Cement Production with Concentrated Solar Thermal Power

In a study published in a recent issue of Chemical Communications, a team of researchers from Virginia’s George Washington University explain a revolutionary way to make lime cement that releases zero CO2 emissions – and costs less too.

After coal-powered electricity, cement manufacture is the next biggest emitter of greenhouse gases, because cement is ubiquitous in modern life.

It is needed for virtually all skyscrapers, bridges and freeway overpasses and many other buildings and structures including nuclear power plants. The world consumes about 3 trillion kg of cement annually.

Pound for pound, kilogram for kilogram, ton for ton, every 10 units of cement will release 9 units of CO2. So it is a huge problem for the increasingly unstable climate we are creating for ourselves.

Of the two ways that making cement releases carbon dioxide, separating the lime from the limestone (decarbonation, or removing the carbon atom and two oxygen atoms in limestone (CaCO3) to obtain lime (CaO) with CO2) accounts for 70% of the emissions.

The other 30% is because it takes a lot of heat to heat the kiln reactors, burning fossil fuels.

Solar thermal power would be used. And not just to heat the limestone – but also to help in electrolysis. This would produce a different chemical reaction without a carbon dioxide byproduct.

In electrolysis, a current applied to the limestone changes the chemical reaction so that instead of separating into lime and CO2, the limestone separates into lime and some other combination of carbon and oxygen atoms, depending on the temperature of the reaction.

When electrolyzed below 800°C, the molten limestone forms lime, C, and O2. When electrolyzed above 800°C, the product is lime, CO, and ½O2.

Instead of a CO2 byproduct, their reactions produce useful industrial chemicals. Their carbon monoxide byproduct (in the higher temperature reaction) can be used to make fuels, purify nickel, and form plastics and other hydrocarbons.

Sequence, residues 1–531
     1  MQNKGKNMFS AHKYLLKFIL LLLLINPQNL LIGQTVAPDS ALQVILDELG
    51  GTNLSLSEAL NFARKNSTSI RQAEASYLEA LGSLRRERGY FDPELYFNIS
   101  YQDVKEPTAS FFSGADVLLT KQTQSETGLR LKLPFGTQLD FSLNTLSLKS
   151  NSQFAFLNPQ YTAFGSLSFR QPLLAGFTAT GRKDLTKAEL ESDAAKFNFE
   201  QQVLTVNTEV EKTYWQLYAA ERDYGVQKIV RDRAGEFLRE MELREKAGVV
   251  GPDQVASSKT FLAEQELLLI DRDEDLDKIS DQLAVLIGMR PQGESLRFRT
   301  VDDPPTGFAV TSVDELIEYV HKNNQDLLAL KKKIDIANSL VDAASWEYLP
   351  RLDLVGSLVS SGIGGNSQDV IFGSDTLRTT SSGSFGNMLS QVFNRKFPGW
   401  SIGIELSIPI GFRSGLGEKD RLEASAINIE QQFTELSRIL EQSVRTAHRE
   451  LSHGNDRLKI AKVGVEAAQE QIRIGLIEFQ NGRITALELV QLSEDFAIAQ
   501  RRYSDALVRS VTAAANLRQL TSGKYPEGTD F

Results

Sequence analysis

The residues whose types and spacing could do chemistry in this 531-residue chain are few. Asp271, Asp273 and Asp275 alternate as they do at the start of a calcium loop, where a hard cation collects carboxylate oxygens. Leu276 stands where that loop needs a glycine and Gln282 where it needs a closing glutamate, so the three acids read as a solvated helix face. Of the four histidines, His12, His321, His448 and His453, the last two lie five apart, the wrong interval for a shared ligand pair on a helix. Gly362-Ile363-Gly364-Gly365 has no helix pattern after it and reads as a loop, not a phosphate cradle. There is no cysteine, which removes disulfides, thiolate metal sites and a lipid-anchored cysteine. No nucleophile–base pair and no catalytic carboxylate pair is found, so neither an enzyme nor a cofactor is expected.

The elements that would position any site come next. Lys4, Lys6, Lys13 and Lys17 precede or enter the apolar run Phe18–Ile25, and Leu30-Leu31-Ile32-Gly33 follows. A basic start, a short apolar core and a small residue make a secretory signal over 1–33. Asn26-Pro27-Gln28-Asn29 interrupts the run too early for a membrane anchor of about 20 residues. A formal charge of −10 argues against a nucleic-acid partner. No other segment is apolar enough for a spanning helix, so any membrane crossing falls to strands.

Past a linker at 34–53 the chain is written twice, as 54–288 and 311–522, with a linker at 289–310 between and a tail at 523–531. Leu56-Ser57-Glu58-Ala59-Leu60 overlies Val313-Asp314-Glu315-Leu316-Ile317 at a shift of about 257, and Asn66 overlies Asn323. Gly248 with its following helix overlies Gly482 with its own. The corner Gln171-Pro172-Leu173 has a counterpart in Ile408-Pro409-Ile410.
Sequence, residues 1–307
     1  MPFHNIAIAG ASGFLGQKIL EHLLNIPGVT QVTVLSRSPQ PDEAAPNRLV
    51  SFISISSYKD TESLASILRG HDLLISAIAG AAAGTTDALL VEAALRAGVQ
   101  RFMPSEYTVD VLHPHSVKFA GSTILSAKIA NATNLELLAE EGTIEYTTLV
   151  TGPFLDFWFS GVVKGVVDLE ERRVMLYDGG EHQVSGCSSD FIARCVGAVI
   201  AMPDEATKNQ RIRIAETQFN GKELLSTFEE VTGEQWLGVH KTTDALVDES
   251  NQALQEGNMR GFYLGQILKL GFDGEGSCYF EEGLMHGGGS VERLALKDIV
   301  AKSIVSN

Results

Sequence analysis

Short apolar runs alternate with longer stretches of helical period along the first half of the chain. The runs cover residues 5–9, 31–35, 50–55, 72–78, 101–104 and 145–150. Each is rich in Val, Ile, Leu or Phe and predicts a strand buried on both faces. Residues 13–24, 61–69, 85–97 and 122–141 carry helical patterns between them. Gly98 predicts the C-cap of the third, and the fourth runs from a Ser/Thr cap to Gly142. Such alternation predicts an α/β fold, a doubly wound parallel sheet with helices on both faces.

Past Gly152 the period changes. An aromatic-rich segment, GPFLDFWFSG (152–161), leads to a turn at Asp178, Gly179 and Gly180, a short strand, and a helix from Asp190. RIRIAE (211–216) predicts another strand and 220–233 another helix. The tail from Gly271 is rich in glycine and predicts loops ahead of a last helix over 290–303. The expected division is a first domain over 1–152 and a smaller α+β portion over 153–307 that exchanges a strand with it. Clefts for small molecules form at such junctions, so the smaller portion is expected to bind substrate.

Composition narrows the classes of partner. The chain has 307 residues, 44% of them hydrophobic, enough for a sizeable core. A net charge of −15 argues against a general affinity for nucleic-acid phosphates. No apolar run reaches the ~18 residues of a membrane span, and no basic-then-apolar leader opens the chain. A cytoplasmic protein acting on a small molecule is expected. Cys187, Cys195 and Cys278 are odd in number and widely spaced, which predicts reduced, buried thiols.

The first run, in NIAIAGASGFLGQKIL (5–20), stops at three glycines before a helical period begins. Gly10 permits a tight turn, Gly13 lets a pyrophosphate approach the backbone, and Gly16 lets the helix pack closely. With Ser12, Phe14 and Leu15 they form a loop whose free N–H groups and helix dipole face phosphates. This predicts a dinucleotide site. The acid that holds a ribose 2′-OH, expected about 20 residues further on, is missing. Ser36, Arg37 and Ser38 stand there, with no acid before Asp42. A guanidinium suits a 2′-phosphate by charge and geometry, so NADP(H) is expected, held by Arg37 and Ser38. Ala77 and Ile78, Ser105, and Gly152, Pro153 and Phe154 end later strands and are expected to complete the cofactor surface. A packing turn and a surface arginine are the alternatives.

This makes it cheaper than current lime production which costs $70 a ton, because the CO can be sold.

The researchers’ rough analysis shows that the total cost of the limestone material, solar heat and electricity is $173 per ton of lime and 0.786 tons of carbon monoxide (0.786 tons of carbon monoxide are produced for every ton of lime).

The market value of carbon monoxide is $600 per ton, or $471 per 0.786 tons. So after selling the carbon monoxide, the cost of the lime production is actually a negative number. $173 – $471 = minus $298 per ton.

No carbon emissions. Cheap. And even better, it has wide applications.

Nearly all of the other heaviest emitters could similarly be stripped of their greenhouse gas problem with this technology, the scientists say.

(Among other industries, these industrial processes include purifying iron and aluminum, making glass, paper, sugar, and agriculture, cleaning smoke stacks, softening water, and removing phosphates from sewage.)

The next step would be is simply scaling up the fairly straightforward process for commercialization. “Although the process itself is entirely new” coauthor Stuart Licht, a chemistry professor at George Washington University, told Phys.org.”the individual components (solar towers, 24/7 operation storing solar energy with molten salts) are already in place. Solar energy can be used to efficiently make products without carbon dioxide, and at solar energy efficiencies higher than in photovoltaics.”

The timing is perfect: a burgeoning Asia is about to build the new mega cities of the 21st century. And super hot solar thermal heat is ready: Halotechnics Molten Glass Thermal Storage Could Mean 6 Cent Solar.

In the electrolysis process alone, even without solar power, but using fossil heat source, “worst case scenario” says Licht, ”the products are lime, graphite and oxygen; there is still no CO2 product, but CO2 would be used in the energy to drive the process.”

Stuart Licht, et al. “STEP Cement: Solar Thermal Electrochemical Production of CaO without CO2 emission.” Chem. Commun., DOI: 10.1039/C2CC31341C